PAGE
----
View and listen to the cookie crunch video here

Nut Free Flour-less Chicken Pancakes

This recipe is introduced on stage 3 as a replacement for the Nut Butter Pancakes for people who can not tollerate nuts. It can also be adapted in week 8 and 9 on the GAPS Baby Diet – Introducing Solids for Baby. It is simple to make and most children and adults find them enjoyable. […]

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Nut Free Flour-less Chicken Pancakes
This recipe is appropriate for the Introduction Diet from Stage 3 on wards
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Prep Time 15 Minutes
Servings
People
Ingredients
Prep Time 15 Minutes
Servings
People
Ingredients
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Instructions
  1. Using a food processor, blend all ingredients together until completely smooth. The mixture will look like thick pancake batter
  2. Heat the pan and melt some ghee or duck fat to grease the pan
  3. Pour spoonfuls of the batter into the pan. The batter may need to be spread out a bit with the spoon so that it is not too thick
  4. Watch to see tiny bubbles form on the top before flipping them over but be sure not to cook to high or they will burn
  5. Serve warm or cold with a slice of avocado or just as they are
Recipe Notes

Alternatives

When you have progressed through the stages, you may add onion, grated carrot and zucchini for extra flavour. Other ingredients to consider when making this recipe are equal amounts of organic nut butter, eggs and squash (as directed in the introduction diet).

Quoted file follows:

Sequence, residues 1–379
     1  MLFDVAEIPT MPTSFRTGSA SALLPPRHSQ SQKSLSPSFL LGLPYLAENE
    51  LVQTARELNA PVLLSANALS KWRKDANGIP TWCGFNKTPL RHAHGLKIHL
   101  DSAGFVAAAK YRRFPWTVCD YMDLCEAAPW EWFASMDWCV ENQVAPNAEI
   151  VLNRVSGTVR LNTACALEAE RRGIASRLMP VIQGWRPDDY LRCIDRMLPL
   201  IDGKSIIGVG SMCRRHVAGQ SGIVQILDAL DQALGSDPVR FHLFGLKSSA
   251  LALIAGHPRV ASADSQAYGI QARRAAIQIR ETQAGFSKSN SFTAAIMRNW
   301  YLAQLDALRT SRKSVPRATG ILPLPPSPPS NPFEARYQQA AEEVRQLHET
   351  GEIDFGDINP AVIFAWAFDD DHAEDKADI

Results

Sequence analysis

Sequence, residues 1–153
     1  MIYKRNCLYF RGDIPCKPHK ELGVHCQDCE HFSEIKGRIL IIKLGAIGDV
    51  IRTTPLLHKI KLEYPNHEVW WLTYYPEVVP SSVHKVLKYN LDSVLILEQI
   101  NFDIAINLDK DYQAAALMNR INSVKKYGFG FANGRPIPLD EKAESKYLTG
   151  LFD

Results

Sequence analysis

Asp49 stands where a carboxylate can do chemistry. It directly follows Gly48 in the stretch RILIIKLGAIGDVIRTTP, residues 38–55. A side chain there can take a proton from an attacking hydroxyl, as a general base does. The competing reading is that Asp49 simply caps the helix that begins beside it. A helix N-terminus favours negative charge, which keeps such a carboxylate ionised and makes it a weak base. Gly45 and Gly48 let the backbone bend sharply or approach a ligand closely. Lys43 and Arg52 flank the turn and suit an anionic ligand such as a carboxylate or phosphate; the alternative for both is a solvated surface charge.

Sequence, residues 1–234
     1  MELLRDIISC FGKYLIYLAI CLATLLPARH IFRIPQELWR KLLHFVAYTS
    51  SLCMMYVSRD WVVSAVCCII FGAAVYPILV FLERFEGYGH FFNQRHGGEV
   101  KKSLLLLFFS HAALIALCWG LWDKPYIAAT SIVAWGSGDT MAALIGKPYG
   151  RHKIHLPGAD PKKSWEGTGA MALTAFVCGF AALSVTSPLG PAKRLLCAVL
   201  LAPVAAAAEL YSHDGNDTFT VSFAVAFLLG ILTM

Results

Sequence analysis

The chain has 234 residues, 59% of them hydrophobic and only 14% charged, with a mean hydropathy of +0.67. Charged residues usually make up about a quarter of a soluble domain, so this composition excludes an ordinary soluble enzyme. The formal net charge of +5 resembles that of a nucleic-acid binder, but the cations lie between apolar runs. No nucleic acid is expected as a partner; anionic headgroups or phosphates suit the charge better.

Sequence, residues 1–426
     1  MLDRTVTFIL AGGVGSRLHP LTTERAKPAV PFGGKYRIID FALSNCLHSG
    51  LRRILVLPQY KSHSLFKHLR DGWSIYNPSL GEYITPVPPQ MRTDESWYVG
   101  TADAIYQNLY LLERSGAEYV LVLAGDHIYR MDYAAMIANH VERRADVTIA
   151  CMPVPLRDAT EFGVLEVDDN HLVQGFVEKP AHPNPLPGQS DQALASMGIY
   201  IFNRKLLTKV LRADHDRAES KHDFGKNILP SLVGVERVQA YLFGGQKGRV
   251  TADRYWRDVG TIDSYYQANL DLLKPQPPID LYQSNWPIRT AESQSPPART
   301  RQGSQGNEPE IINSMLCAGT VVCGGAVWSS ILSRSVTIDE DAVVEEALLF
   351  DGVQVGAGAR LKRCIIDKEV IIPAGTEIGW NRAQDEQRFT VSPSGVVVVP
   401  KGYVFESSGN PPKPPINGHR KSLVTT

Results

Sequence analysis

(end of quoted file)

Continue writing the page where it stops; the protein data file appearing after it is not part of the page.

When on the full GAPS diet you may wish to add spring onion shallots, carrot and zucchini to the recipe to make fritters.  Later when cucumbers are tollerated, you can enjoy these with a nice homemade tzatziki dip.

Apple Puree

Apple Pure is introduced in the Introduction Diet on stage 5.  Apple Pure for GAPS is an easy way to disguise fats.  GAPS is a high fat diet so we want to add fats to everything and apple puree is a good way to deliver it. We usually add duck fat, ghee or coconut oil.  […]

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Apple Puree
This recipe is appropriate for the GAPS Introduction Diet from stage 5 onward
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Prep Time 5-10 Minutes
Cook Time 15-20 Minutes
Servings
People
Ingredients
Fruit
Other
Prep Time 5-10 Minutes
Cook Time 15-20 Minutes
Servings
People
Ingredients
Fruit
Other
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Instructions
  1. Peel and core the ripe apples and slice thinly into your stainless steel cook pot. An apple slinky is great at doing this job.
  2. Add the water and cook the apples on low whilst stirring occasionally. You may place the lid on top to create steam in the cooking process.
  3. When the apples have become soft, take the pan off the stove and mash with a vegetable masher.
  4. Add a couple of tablespoons of ghee or duck fat or coconut fat (depending on what you have introduced) and blend with the apple.